Example 7: No simultaneity without a metric

    We’ll see in section 2.2 that one way of defining the distinction between Galilean and Lorentz geometry is that in Lorentzian spacetime, simultaneity is observer-dependent. Without a metric, there can be no notion of simultaneity at all, not even a frame-dependent one. In Figure 2.1.11, the fact that the observer considers events P and Q to be simultaneous is represented by the fact that the observer’s displacement vector o is perpendicular to the displacement s from P to Q. In affine geometry, we can’t express perpendicularity.

    Figure 2.1.11b.png
    Figure \(\PageIndex{11}\) - The free-falling observer considers P and Q to be simultaneous.

    Abstract Index Notation

    Expressions in birdtracks notation such as


    can be awkward to type on a computer, which is why we’ve already been occasionally resorting to more linear notations such as (grad C)s. As we encounter more complicated birdtracks, the diagrams will sometimes look like complicated electrical schematics, and the problem of generating them on a keyboard will get more acute. There is in fact a systematic way of representing any such expression using only ordinary subscripts and superscripts. This is called abstract index notation, and was introduced by Roger Penrose at around the same time he invented birdtracks. For practical reasons, it was the abstract index notation that caught on.

    The idea is as follows. Suppose we wanted to describe a complicated birdtrack verbally, so that someone else could draw it. The diagram would be made up of various smaller parts, a typical one looking something like the scalar product uv. The verbal instructions might be: “We have an object u with an arrow coming out of it. For reference, let’s label this arrow as a. Now remember that other object v I had you draw before? There was an arrow coming into that one, which we also labeled a. Now connect up the two arrows labeled a.”

    Shortening this lengthy description to its bare minimum, Penrose renders it like this: uava. Subscripts depict arrows coming out of a symbol (think of water flowing from a tank out through a pipe below). Superscripts indicate arrows going in. When the same letter is used as both a superscript and a subscript, the two arrows are to be piped together.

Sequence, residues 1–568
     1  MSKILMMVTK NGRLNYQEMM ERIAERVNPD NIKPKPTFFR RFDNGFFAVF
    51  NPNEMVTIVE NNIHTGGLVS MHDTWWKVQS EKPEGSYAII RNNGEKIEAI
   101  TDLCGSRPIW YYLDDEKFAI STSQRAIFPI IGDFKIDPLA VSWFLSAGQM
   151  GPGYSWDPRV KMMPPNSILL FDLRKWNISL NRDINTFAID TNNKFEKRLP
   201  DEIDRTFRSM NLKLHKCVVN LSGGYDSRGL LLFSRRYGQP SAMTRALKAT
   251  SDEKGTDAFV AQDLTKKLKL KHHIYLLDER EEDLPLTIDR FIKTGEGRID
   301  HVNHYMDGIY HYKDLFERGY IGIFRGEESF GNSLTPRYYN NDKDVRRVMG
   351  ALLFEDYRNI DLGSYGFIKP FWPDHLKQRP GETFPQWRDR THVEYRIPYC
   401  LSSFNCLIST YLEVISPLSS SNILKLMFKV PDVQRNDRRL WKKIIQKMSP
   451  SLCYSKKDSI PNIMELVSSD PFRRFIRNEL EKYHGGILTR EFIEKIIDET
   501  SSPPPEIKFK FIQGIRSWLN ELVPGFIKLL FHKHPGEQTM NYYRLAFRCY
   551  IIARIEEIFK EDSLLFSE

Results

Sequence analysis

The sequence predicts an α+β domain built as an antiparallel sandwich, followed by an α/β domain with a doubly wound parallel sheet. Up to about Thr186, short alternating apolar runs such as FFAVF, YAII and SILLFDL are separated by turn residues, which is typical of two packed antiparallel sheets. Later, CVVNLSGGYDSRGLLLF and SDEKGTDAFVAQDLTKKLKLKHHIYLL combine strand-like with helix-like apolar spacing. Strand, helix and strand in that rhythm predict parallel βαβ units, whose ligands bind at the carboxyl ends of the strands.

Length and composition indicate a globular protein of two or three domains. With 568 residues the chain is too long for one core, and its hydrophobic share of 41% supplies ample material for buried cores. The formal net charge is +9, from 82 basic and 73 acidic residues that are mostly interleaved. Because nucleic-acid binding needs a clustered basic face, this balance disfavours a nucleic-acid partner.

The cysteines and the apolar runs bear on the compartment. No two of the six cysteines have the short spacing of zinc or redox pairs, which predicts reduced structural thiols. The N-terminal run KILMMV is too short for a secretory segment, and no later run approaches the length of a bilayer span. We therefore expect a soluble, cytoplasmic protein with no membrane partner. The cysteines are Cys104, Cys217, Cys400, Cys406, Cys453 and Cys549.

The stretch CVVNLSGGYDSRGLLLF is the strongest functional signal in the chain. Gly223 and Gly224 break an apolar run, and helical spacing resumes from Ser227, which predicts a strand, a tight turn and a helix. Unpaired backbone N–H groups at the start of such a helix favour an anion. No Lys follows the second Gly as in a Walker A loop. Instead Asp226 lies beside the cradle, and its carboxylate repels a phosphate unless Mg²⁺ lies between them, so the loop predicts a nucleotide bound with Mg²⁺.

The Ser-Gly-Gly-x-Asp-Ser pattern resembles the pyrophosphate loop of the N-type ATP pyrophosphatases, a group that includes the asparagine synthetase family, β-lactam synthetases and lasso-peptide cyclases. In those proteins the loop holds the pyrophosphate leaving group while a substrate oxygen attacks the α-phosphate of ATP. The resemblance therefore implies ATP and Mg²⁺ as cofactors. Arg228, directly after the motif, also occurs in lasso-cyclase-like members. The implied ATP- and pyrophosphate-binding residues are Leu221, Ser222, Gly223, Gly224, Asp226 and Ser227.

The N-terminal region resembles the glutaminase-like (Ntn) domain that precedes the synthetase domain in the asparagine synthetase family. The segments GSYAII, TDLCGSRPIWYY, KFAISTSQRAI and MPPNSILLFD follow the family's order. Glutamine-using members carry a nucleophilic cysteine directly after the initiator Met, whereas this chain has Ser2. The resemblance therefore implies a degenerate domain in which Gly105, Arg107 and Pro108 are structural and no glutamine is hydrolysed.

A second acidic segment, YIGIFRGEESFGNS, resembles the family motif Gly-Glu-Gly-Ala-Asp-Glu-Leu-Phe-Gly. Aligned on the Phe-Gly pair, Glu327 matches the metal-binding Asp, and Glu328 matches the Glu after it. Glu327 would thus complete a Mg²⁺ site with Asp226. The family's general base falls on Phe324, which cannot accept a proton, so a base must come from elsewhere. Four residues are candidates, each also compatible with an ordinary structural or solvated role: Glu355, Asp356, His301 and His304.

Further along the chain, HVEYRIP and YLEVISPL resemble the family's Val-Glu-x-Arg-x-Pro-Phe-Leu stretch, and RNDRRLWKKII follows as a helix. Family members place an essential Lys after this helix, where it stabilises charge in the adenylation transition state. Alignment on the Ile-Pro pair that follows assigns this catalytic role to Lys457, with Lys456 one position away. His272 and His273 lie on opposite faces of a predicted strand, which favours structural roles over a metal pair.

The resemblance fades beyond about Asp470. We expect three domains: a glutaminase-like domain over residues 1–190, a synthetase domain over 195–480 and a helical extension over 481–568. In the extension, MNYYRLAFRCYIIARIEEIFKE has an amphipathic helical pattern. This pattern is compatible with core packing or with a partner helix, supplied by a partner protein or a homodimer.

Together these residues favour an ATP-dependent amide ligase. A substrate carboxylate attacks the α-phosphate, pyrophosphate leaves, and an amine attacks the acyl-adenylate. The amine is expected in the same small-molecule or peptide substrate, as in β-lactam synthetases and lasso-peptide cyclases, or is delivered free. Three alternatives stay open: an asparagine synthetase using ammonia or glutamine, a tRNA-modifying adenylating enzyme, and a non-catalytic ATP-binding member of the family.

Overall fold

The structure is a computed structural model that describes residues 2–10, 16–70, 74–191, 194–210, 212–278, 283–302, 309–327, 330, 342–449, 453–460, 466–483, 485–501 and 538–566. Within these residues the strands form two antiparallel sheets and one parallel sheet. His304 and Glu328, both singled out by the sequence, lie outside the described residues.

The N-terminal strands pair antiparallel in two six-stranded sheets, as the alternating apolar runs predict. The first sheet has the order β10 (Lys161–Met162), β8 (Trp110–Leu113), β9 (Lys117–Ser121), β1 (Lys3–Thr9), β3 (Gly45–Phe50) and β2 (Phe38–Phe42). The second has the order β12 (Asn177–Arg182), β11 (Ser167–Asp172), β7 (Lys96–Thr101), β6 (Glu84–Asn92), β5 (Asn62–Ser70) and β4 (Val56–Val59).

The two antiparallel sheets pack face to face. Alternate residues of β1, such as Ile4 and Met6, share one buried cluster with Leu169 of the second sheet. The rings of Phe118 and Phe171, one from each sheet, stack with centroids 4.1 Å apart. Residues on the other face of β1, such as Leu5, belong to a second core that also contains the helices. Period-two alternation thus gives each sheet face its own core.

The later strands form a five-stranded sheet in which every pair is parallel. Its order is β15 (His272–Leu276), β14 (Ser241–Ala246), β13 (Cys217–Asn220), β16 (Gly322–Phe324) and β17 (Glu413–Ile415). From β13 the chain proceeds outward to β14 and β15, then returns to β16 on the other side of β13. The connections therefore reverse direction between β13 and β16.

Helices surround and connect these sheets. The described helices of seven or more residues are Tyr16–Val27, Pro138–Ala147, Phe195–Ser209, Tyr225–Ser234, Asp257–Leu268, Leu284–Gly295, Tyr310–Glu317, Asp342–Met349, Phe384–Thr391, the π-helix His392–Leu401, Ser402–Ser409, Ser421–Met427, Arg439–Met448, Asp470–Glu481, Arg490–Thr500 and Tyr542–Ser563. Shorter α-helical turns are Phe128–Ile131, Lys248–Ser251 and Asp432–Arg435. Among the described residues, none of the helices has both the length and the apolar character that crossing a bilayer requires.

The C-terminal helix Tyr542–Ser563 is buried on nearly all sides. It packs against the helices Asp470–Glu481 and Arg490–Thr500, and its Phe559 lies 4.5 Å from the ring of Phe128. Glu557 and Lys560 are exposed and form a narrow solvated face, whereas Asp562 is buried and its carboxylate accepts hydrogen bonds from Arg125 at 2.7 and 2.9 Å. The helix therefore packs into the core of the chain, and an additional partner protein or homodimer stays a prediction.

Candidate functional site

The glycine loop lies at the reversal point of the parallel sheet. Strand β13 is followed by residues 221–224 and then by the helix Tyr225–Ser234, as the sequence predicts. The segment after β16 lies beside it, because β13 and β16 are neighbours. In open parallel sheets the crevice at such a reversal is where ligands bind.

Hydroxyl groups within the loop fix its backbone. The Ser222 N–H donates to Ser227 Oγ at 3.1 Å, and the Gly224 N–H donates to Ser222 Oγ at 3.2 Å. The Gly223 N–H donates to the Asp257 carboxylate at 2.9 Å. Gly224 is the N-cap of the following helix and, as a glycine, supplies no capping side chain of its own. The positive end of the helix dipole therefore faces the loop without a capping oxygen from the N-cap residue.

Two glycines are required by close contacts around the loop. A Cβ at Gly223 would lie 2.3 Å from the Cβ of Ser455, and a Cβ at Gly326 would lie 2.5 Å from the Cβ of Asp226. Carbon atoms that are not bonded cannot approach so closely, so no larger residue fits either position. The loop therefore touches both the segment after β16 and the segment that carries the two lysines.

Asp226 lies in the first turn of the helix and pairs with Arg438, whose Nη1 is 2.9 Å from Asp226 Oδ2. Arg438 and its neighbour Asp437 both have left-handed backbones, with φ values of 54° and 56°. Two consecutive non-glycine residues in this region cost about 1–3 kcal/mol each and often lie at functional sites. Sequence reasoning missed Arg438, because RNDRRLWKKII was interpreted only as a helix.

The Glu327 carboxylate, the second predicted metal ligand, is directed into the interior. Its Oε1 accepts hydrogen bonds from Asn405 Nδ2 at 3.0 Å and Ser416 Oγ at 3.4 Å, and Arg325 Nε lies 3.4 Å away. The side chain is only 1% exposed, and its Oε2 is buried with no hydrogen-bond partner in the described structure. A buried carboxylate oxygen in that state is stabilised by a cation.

Abstract index notation evolved out of an earlier one called the Einstein summation convention, in which superscripts and subscripts referred to specific coordinates. For example, we might take 0 to be the time coordinate, 1 to be x, and so on. A symbol like u\(\gamma\) would then indicate a component of the dual vector u, which could be its x component if \(\gamma\) took on the value 1. Repeated indices were summed over.

    The advantage of the birdtrack and abstract index notations is that they are coordinate-independent, so that an equation written in them is valid regardless of the choice of coordinates. The Einstein and Penrose notations look very similar, so for example if we want to take a general result expressed in Penrose notation and apply it in a specific coordinate system, there is essentially no translation required. In fact, the two notations look so similar that we need an explicit way to tell which is which, so that we can tell whether or not a particular result is coordinate-independent. We therefore use the convention that Latin indices represent abstract indices, whereas Greek ones imply a specific coordinate system and can take on numerical values, e.g., \(\gamma\) = 1.

    This page titled 2.3: Affine Properties of Lorentz Geometry (Part 2) is shared under a CC BY-SA 4.0 license and was authored, remixed, and/or curated by Benjamin Crowell via source content that was edited to the style and standards of the LibreTexts platform; a detailed edit history is available upon request.